I’m thinking that sheet mulching with the manure would be the best option. So, a layer maybe about 2” deep of manure, topped with either overlapping cardboard or newspaper (several thickness together on the newspaper), topped with some more coarse organic matter (old hay? Beware of weed seeds! Wood chips? Good, but spring incorporation of those might carbon-load the soil so much it tied up the nitrogen added with the manure…ideal would be decent quality alfalfa hay, in a layer maybe 3” deep). This will certainly help build soil, and would suppress cool-season weeds like London rocket and hare barley. Frankly, it will not provide much deterrence against bindweed, which will resume growth as things warm up next spring. Partly this is because the layers will need to be incorporated (tilled in), which will open up avenues for the bindweed. Now, one could do the row no-till: leave them layers undisturbed, and just make small openings to transplant into. The bindweed will find those to emerge from, and will probably power through the undisturbed layers as well. However, if left un-tilled, it will give some deterrence against summer annuals like pigweed, kochia and the like. Do you know which weeds you are most concerned with?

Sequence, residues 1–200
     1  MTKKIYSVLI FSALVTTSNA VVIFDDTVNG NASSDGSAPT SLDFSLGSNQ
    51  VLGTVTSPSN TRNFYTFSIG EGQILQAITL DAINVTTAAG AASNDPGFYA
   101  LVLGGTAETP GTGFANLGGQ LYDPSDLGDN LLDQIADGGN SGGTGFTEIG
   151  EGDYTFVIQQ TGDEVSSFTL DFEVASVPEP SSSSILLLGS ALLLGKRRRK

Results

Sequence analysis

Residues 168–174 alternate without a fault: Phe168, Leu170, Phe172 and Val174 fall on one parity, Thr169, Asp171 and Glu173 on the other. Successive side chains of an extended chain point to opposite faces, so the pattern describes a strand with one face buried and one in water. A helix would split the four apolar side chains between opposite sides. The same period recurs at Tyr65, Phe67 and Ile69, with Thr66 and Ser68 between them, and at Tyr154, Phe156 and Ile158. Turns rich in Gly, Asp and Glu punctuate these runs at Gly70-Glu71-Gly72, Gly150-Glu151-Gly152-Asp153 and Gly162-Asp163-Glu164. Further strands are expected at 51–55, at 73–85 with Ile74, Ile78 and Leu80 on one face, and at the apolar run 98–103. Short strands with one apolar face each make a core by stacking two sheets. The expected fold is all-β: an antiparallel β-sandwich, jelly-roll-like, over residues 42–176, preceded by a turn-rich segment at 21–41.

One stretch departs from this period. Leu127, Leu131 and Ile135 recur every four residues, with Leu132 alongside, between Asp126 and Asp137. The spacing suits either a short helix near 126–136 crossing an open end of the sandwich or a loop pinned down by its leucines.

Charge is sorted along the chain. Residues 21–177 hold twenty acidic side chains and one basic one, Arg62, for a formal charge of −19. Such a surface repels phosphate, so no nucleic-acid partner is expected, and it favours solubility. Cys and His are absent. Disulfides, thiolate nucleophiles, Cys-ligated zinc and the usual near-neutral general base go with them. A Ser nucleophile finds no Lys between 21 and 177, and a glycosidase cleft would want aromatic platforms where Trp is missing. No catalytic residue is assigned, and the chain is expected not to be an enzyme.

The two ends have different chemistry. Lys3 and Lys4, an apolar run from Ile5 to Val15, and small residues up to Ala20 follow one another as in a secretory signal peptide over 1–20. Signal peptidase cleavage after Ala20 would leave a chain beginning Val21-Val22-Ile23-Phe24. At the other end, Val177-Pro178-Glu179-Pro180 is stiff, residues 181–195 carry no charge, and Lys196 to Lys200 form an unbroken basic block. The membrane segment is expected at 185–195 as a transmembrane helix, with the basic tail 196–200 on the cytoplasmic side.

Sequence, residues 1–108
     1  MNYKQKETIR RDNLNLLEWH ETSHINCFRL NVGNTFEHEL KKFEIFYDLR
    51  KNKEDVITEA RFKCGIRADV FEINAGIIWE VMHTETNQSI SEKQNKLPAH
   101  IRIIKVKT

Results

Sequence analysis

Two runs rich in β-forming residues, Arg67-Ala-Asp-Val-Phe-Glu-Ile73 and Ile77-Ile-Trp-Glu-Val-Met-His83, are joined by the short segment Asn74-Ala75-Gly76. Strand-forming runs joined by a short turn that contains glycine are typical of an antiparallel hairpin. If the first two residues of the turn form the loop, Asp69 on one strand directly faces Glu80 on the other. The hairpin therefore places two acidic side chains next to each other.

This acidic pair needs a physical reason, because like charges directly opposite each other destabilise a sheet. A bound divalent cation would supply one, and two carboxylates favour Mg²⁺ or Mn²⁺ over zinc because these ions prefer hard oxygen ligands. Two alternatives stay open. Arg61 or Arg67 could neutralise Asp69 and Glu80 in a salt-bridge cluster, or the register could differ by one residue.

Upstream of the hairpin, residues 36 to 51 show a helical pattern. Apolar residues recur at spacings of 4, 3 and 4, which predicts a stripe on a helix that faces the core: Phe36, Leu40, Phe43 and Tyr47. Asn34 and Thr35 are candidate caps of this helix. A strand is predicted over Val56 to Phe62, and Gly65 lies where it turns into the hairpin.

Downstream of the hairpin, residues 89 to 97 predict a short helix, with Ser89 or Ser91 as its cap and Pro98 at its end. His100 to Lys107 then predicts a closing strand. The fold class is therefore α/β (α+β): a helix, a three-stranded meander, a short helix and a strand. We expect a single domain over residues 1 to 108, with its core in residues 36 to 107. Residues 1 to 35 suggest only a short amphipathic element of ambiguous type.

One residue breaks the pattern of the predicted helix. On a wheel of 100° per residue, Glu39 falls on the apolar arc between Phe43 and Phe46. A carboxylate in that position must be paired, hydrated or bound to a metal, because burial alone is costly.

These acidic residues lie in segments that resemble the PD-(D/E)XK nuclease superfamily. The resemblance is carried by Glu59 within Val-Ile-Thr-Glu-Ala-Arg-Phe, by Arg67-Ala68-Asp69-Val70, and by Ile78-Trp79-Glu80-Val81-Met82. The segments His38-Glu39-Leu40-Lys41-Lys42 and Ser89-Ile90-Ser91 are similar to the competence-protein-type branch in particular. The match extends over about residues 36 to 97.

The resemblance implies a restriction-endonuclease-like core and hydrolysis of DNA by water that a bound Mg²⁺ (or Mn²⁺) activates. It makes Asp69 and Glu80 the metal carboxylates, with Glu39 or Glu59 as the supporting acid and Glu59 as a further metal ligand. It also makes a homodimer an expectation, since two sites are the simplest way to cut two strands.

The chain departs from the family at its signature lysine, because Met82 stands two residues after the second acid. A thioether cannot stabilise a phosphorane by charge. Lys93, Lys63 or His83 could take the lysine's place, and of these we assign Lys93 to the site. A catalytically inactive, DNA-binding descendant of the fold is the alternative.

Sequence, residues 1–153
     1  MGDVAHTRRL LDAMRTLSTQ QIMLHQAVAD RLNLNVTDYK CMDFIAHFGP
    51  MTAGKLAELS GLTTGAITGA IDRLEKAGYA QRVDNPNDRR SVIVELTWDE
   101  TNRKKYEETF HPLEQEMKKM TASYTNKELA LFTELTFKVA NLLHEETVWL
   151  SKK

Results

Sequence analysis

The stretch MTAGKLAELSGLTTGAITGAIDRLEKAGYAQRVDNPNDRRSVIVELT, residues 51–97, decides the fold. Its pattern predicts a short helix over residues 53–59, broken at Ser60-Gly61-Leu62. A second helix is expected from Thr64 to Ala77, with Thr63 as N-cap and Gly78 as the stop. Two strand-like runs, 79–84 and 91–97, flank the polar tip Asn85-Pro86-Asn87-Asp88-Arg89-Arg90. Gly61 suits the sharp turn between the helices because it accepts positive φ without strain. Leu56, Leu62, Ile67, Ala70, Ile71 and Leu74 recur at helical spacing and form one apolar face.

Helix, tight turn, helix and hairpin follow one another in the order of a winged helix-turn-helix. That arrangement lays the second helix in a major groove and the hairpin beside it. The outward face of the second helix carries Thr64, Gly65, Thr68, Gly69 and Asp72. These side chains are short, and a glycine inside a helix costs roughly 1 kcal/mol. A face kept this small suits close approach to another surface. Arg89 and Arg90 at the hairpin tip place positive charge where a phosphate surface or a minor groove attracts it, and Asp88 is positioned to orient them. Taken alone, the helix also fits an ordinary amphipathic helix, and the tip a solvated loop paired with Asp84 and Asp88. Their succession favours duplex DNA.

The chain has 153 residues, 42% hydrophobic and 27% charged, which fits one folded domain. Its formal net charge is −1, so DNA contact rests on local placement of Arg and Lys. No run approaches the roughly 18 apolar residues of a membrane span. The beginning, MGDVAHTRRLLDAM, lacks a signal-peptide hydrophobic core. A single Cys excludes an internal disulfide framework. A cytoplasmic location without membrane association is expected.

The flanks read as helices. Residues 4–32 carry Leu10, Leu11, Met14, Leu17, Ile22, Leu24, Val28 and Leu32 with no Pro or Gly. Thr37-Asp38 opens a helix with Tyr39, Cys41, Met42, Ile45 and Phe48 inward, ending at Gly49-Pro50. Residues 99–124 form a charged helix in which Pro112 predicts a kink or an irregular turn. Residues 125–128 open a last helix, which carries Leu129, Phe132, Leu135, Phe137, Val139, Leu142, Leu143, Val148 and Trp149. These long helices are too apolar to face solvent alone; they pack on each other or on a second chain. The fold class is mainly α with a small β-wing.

(A note from Sara: I’m pretty sure we are concerned with all of the aforementioned weeds.)
Another option would be to incorporate the manure now (in the fall), and then to regularly do shallow cultivation to mechanically kill off emerging weeds, whether from seed or root. This would allow you to have a reasonably weed-free bed, at least until planting time. From then it would depend on how well someone kept the row weeded.
County Program Director/Agriculture Agent
Bernalillo County Cooperative Extension Service
1510 Menaul NW
Albuquerque, NM 87107
The master gardeners at our garden also suggested using a very heavy mulch. Chuck said there is a row near his that is heavily mulched with straw (Ed’s Garlic).
The year we did a straw mulch at the MG garden we put it on too lightly and it blew away.
Another suggestion – the MG’s this year are putting manure from the community garden on the rows as the vegetables finish producing. This will seep in during the winter in time to plant the rows in the spring.
You can download an electronic copy of this curriculum at: www.afsc.org/albuquerque
Preparing the Garden for Winter
Once the crops have been gathered, there are many things to do to prepare the
garden for winter. Much of the preparation gets the soil ready for a new plant life
cycle. Here is a list of chores you can start in mid-September through October:
Clean up garden debris. Leaves and branches can harbor insects and
Continue to weed. Pull the weeds before they have a chance to seed. Do
not add the weeds to the compost pile, they may contain seeds.